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Campus Now

New Year Issue (Jan.)

Waseda rediscovery


Cover photo: Yoichi Sato (Professor, Faculty of Social Sciences)

cover story

The trunk which gave birth to the "Father of Earthquake Resistant Construction"

It expands by the click.

This trunk was treasured by Professor Tachu Naito (1886-1970), known for drawing up the structural design for the Okuma Memorial Auditorium and Tokyo Tower, during his exchange to America in 1917-1918.

His first trunk, from which he removed the inner partition board, was destroyed during his visits by rail to universities all over America.

This made him realize that the partition board works effectively against external pressure, and led to his invention of the "quake resistant wall."

The accuracy of that structural ideology was proven in the Great Kanto Earthquake when the former Industrial Bank of Japan headquarters survived unscathed.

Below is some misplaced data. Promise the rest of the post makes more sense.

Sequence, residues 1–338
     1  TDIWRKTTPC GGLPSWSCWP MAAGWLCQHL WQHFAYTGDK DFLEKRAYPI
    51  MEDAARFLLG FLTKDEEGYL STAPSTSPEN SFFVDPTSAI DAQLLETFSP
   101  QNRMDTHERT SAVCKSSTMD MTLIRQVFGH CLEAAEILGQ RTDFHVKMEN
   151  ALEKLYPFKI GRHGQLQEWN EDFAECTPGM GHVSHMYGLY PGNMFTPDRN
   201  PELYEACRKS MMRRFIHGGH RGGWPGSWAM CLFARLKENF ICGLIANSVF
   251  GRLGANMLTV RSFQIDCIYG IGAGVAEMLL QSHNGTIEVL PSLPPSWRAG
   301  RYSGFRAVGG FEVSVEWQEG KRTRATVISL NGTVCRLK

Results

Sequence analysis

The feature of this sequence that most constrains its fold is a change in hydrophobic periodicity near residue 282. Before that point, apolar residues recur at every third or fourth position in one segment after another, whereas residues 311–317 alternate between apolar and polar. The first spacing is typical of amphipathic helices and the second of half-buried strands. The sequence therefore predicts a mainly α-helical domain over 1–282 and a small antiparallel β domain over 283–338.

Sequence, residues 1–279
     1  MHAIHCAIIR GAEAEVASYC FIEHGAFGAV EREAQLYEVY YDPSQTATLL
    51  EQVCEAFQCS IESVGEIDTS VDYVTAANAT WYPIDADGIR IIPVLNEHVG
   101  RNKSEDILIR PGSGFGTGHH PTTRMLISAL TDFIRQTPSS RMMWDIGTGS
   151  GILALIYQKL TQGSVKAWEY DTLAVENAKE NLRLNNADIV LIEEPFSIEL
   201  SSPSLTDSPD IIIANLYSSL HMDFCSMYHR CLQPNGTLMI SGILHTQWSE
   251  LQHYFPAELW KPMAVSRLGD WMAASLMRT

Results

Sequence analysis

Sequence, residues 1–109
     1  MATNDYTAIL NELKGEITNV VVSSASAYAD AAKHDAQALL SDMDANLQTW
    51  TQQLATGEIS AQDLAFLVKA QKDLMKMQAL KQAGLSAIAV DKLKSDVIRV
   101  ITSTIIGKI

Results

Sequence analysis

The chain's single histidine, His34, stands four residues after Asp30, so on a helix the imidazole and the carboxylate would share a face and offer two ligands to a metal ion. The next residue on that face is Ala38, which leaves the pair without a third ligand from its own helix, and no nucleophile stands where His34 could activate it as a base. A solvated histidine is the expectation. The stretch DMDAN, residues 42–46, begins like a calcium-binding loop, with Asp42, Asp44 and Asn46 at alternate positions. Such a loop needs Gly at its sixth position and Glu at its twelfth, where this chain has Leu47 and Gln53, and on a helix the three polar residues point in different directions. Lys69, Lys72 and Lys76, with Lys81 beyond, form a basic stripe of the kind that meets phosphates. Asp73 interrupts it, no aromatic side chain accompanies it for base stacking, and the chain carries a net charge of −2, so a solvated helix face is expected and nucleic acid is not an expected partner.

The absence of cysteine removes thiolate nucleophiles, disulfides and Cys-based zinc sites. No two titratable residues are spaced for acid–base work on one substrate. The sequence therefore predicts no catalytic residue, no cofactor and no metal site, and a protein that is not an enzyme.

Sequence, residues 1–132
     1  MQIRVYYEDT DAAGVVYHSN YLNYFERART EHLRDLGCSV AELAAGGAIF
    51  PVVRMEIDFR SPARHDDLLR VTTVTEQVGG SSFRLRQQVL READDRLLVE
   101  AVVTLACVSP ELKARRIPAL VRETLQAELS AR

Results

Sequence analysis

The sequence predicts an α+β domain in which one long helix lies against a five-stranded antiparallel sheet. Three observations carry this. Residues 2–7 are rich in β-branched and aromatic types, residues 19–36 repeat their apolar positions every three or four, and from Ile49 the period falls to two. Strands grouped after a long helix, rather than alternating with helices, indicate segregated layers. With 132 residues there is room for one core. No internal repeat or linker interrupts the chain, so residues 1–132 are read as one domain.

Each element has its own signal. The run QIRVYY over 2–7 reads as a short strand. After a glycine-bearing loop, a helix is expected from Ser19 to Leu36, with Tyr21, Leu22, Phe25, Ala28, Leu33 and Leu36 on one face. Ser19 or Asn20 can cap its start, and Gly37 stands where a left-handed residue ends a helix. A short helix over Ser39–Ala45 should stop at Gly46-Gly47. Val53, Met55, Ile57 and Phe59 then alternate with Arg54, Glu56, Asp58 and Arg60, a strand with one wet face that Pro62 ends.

The Tachu Naito Memorial Musuem (former Naito residence), is Japan's first reinforced concrete wall structure with no pillars, and was built as a model house after the Kanto temblor, paying attention to earthquake and fire resistance.

Starting with Professor Naito, many distinguished professors have taught at the Department of Architecture, the School of Science and Engineering, which has successively sent out human resources into the Japanese building industry, and celebrated its 100th anniversary in 2010, taking a new first step into the next century.